A suspect in the placement of two devices that the FBI said were pipe bombs is seen in Washington on Jan. 5, 2021. On right is a closeup photograph of one of the devices. (FBI)

At one point, then-Vice President-Elect Kamala Harris was even in the DNC building, meaning her life was imminently at risk.

Still, Judiciary Republicans ruled, “The FBI appears to not be aggressively investigating pipe bombs placed by political party headquarters on January 6, 2021, while prioritizing other January 6, 2021-related investigations.”

Specifically, Republicans learned from a whistleblower that it took over one year for the FBI to mount a full-scale investigation into the pipe bombs.

According to the whistleblower, it was not until Feb. 7, 2022—more than a month and a year after the incident—that the Washington Field Office of the FBI asked its national field offices to investigate and try to identify the man.

In that directive, the FBI warned agents that the suspect’s “motive and ideology remain unknown.”

Speaking to The Epoch Times about the snail’s pace of the investigation, Ed Martin, an attorney for some Jan. 6 defendants, ruled “the judgment of the Department of Justice is clearly biased against certain types of people and certain types of conduct.”

“It appears that the executive branch, the law enforcement branch, has been operating to facilitate a political vision of the article one branch,” Martin said later.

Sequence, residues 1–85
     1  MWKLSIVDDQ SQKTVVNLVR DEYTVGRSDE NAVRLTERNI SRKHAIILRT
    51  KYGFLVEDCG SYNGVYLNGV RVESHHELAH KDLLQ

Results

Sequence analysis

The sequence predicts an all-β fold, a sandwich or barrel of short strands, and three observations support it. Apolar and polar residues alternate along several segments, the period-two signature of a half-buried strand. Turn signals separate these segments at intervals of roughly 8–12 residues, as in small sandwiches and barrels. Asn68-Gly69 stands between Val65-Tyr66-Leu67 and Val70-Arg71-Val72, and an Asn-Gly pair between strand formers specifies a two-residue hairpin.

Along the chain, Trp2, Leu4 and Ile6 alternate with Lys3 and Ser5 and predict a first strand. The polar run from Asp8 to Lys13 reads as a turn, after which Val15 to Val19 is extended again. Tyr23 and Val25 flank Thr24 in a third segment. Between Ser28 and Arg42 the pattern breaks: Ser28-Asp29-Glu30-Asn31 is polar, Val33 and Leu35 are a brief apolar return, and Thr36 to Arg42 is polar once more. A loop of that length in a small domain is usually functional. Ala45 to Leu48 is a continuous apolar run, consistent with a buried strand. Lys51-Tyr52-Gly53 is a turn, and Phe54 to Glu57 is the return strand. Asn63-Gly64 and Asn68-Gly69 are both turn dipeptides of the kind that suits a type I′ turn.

He explained: “The Pelosi select committee [the House January 6 Committee] had a vision of what they wanted to highlight. The conduct of the executive branch, the law enforcement branch has not been to pursue truth and safety. It’s been to pursue the political agenda that’s been driven hand in glove with the select committee.”

Martin, who used to work with the RNC, said that he was pleased that Republicans were giving the issue attention but said that “what we need now is to get to the bottom of what happened.”

He added, “We need to know who said pipe bombs against the American leadership, right?”

“We are living with a bomber, who successfully planted bombs—didn’t go off, thankfully—and who has never been caught,” Martin emphasized. “Shouldn’t that be a worry?”

The FBI did not return a request for comment.

Possible FBI Involvement

The FBI’s slowness in investigating the pipe bombs comes amid a backdrop of suspicion that the FBI played a role in the events of Jan. 6.

Suspicion that the FBI was involved in the events of that day only ramped up after Jill Sanborn, the executive assistant director for the National Security Branch of the FBI, refused to disavow agency involvement at the rally.

During a Jan. 11, 2022, Senate hearing, Sen. Ted Cruz (R-Texas) questioned Sanborn about potential FBI involvement. These questions were met with deflection by Sanborn, who avoided giving a definitive answer to the yes or no questions posed by Cruz.

(L–R) Brian Brase, Sen. Ted Cruz (R-Texas), and Sen. Ron Johnson (R-Wis.) at the Senate Visitor Center in the U.S. Capitol on March 8, 2022. (Terri Wu/The Epoch Times)

How many FBI agents or confidential informants actively participated in the events of Jan. 6?” Cruz asked.

“So I’m sure you can appreciate that I can’t go into the specifics of sources and methods,” Sanborn replied.